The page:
I'm also leaning more towards the champion-style linkage as opposed to the LG. Seems a lot easier to construct, though I wouldn't know how to bend the leaf spring. There is the X1 sort of linkage, too, that Jock Dempsey came up with. Anyone have any experience with that?

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 When I build mine, I'll be modeling it after the X1. I like the simplicity of the leaf springs on the ram. I also plan on remote mounting the tire to the back of the machine for longevity purposes. I just haven't decided on a brake setup yet. I kinda like the idea of a band style brake on the cookie up front as opposed to rubbing on the tire.

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Ah, we'll have to see. You're probably right. I sold my stupid Hammond organ, so I have a little more money to invest into this now. I'll probably buy a proper motor and springs and hardware. That's about all that's left, then I just need to weld it all up. Going to have to crack open that 25lb can of 7018...

Jeddly, I'm hoping this design I have will turn out ok. Seemed to have worked for Sam Salvati with the video I posted, that's basically what I'm doing. It looks like his coil spring needs to be under a bit more compression though - but mine, like his, is about 10"x30", 5' tall. Very compact for a +/-30lb hammer. 

any other opinions on the X1 linkage? 


Edited by Leeknivek
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I think he's banned from this site right now. I've seen him on many other blacksmithing and knife making forums, though. I sent him a friend request on Facebook for the same reason but he hasn't accepted it yet.


I guess ill be able to answer in a week or two when I get this pig up and running ... Hopefully

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Okay. Had a busy week - got two 9' hickory logs bucked and almost ready to be hewn into beams. Straight as an arrow, and about 400lbs each. My younger brother (15) and I loaded them into my F150 ......... by hand! Just about maxed out my suspension, between that and the cordwood. 

Anyways - I've done a little more design work on my hammer. I've got it just about worked out in my head, a few pieces still need to come together. I have the spring for the linkage - I decided to go with the X1-style, though it is a little modified. I bought a 1,000lb capacity leaf spring. It's small, but I can't hardly budge it by jumping on it, so, I think it'll work. I'm worried it might even be too stiff! To alleviate that, just in case, I'm going to use a nylon strap in the Champion bow spring style. This is easier to fabricate and, from what I have read, offers the benefit of hitting harder. Less hardware, less bushings. I'm a cheapskate so I'm trying to make the most economical, least expensive and best performing hammer I can. I've researched literally every day back to at least a week before I started this thread. It's all starting to come together now.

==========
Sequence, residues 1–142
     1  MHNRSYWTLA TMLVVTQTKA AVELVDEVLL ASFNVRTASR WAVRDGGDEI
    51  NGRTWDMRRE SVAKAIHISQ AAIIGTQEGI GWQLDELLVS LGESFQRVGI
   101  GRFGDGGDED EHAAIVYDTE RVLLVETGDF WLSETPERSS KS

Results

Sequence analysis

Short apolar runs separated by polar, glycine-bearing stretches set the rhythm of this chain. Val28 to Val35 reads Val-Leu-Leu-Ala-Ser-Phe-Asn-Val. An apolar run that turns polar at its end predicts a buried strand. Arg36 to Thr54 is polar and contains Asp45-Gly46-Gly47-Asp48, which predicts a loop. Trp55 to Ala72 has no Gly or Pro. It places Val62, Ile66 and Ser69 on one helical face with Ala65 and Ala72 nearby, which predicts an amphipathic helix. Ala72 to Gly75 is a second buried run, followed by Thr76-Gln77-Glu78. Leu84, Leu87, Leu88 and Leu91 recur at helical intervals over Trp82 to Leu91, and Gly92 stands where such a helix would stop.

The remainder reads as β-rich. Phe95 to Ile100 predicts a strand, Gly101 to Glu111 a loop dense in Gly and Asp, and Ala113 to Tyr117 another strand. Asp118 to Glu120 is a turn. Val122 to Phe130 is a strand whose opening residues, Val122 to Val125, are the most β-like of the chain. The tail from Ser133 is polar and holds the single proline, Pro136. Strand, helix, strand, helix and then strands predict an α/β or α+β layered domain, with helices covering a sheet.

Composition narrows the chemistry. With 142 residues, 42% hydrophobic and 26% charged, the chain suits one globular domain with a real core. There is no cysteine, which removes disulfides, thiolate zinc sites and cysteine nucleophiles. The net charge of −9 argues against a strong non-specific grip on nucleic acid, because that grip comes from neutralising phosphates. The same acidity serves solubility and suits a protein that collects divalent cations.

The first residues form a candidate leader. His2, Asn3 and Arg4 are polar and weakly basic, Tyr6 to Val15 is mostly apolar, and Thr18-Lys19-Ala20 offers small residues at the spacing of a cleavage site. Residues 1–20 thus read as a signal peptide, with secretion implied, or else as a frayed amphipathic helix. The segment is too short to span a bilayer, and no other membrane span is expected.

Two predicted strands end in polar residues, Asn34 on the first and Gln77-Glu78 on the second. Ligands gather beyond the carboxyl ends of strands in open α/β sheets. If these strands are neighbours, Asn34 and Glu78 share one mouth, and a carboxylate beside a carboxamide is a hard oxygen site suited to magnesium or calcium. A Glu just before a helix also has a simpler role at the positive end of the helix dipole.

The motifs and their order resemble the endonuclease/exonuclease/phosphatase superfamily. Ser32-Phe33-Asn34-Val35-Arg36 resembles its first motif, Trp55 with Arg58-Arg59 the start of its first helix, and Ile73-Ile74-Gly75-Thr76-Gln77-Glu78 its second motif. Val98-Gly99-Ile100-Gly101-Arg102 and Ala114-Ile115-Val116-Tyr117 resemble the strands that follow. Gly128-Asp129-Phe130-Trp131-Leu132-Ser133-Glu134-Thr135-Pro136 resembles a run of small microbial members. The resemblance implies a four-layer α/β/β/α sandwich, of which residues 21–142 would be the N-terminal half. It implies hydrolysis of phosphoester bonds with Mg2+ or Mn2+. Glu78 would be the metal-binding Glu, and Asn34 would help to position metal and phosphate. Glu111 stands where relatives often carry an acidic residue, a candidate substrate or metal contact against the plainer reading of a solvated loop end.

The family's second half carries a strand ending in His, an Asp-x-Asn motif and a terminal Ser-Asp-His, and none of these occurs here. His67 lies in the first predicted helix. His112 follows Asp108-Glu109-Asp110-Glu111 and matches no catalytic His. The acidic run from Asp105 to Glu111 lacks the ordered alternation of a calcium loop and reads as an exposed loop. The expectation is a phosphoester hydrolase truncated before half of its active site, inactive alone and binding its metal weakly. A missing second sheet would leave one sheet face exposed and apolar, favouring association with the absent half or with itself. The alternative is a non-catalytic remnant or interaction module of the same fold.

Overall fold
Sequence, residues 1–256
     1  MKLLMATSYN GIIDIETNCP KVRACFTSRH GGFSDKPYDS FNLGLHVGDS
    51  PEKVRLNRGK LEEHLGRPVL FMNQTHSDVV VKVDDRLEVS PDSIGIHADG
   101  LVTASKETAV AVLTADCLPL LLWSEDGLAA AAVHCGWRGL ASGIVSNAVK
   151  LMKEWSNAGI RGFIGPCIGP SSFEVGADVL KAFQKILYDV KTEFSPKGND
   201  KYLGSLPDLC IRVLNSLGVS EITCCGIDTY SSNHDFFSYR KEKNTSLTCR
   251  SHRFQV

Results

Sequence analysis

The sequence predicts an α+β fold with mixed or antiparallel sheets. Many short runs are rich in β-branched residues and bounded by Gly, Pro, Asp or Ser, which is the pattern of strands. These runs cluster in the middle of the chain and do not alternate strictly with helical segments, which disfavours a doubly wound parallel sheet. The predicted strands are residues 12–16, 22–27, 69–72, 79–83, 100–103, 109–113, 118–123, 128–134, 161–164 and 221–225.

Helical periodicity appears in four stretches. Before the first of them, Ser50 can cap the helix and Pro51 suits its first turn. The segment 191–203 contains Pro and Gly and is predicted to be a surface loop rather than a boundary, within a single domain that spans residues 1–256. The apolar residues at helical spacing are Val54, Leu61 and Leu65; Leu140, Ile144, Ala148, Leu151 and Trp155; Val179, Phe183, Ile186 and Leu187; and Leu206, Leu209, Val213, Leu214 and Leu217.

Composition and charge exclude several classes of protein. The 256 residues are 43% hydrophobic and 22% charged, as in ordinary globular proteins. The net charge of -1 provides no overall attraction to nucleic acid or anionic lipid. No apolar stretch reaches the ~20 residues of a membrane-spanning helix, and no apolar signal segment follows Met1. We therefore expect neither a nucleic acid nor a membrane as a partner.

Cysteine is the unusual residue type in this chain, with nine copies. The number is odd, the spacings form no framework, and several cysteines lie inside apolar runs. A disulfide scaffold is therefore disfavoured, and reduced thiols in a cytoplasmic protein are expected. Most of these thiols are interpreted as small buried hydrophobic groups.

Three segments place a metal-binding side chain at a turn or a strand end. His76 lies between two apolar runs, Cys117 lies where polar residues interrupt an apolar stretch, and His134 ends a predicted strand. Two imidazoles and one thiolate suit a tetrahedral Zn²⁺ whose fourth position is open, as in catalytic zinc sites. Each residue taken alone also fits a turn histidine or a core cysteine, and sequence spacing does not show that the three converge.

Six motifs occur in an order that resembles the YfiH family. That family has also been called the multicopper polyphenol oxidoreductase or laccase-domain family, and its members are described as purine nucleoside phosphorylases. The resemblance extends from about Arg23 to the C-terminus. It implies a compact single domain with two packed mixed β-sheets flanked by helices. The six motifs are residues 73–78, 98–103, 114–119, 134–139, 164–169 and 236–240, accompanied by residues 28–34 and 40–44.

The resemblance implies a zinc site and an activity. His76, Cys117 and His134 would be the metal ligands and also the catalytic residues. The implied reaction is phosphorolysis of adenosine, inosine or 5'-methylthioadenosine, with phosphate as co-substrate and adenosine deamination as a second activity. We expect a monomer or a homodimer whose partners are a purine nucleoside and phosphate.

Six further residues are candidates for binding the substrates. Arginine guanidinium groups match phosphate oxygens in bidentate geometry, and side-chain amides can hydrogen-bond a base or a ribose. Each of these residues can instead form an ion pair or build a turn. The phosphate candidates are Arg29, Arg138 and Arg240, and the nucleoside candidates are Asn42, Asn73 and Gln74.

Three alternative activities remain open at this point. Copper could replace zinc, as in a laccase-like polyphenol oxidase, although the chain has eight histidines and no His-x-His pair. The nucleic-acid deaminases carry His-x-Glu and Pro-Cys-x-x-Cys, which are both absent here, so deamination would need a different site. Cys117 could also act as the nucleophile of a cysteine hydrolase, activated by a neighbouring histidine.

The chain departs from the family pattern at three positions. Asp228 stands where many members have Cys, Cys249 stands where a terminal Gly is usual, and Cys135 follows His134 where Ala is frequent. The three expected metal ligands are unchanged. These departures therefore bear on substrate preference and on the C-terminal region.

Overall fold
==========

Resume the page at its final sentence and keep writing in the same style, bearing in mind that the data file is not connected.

Since I bought this leaf spring new - a simple trailer spring - it has plastic bushings. Now, I was wary of them - and I still am, to some extent - but I did find this article showing the (surprise!) benefits to plastic bushings over bronze bushings. It might not hold up to the shock, but if it doesn't I can always replace them. Here's a link to the article: 


News ​to me. I hope I don't get ripped a new one for saying plastic might be comparable to bronze........... 

So, here's my latest Microsoft Paint animation. It's a little wonky, but it shows my updated design well. Not so much the actual physics, being that it is, after all, Microsoft Paint, so bear with me.
Leaf springs on either side, attached to a central block. The ram is guided similar to Sam Salvati's hammer, though I have a little trick in which I will be making vee-ways with (semi-)proper bearing material. That bearing material might be hardwood. I'm not sure if the bottom of the linkage will be guided or free to rotate yet. The ram will have the added weight of the springs, the guide parts, and the plate in which the springs attach.With the die, I might be close to 50 pounds. The tire was 'replaced' with a generic flywheel for ease of illustration (I hand-drew this on Paint). The anvil is the green, the gray central column is the guide pole and the dies are on the opposite side of the linkage.